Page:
DAVENPORT, Iowa (KWQC) - The city of Davenport's City Administrator, Corrin Spiegel, has released a letter to residents and business owners following the barrier breach 29 days ago.
The three-page letter does not identify what caused the Hesco Barrier to give way, but it does defend the city's flood plan and addresses the time city workers have spent working on this plan.
In the letter, Spiegel says in part that city workers have "gone 68 days straight on overtime. Almost all of their resources are finite; things like time, energy, funding, manpower, and equipment only stretch so far."
Spiegel also goes on to address those affected by the flooding, saying in part "Davenport's flood plan is not and never was intended specifically to protect businesses. As you review the entire length of the riverfront, you will find that to be generally true." Going on to say how the plan was intended to protect public assets and infrastructure.
Rick Harris, President and Mead Maker at Bootleg Hill Honey Meads says he hopes the City of Davenport does not turn its back on the flooded businesses in downtown. The cleanup process for Harris is still going on.
He says business was just picking up again when a temporary flood wall made of Hesco barriers broke. About four inches of water came into their business. As of now, Harris says they are not sure how much money they have lost, but he estimates anywhere from thousands to hundreds.
Harris says once the city put up the barrier, they believed that the city then took on some responsibility to protect the businesses. He feels when they first moved to downtown, the city was supportive, but since the flood the only assistance they got was clean-up supplies. Harris says since they have invested so much into downtown. They hope the city is there for them.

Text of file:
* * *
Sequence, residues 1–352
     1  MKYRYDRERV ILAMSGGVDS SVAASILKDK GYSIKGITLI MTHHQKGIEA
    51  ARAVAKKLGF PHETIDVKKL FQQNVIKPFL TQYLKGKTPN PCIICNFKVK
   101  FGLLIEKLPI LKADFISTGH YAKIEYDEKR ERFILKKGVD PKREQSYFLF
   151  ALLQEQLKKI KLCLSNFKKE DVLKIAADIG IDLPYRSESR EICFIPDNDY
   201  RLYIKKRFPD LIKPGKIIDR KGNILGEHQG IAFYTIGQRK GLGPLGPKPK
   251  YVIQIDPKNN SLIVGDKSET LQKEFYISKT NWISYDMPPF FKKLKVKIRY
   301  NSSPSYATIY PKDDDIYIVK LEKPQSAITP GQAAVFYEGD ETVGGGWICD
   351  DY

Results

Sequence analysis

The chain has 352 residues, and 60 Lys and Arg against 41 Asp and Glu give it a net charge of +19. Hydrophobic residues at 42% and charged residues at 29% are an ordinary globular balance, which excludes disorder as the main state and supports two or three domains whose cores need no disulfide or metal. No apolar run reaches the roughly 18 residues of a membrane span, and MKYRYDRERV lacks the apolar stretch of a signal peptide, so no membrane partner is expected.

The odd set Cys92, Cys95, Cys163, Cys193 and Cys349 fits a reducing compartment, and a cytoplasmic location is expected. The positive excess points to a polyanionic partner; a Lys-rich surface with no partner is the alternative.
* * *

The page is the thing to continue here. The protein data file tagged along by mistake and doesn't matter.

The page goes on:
“I’m certain that the city will step up to the plate and again, not turn their back on the downtown and businesses that they've spent $460 million on and not to help the businesses now would be really a shame,” said Harris.
Harris says he doesn't have plans to leave downtown. He hopes the voices of business owners are being heard that they need help, specifically financial aid and they feel they are currently not getting any of that.
As the Mississippi River rises again, the city is currently putting up temporary barriers again. Harris thinks this one will hold.
You can read the full document below. APP USERS: You can view the statement at this link.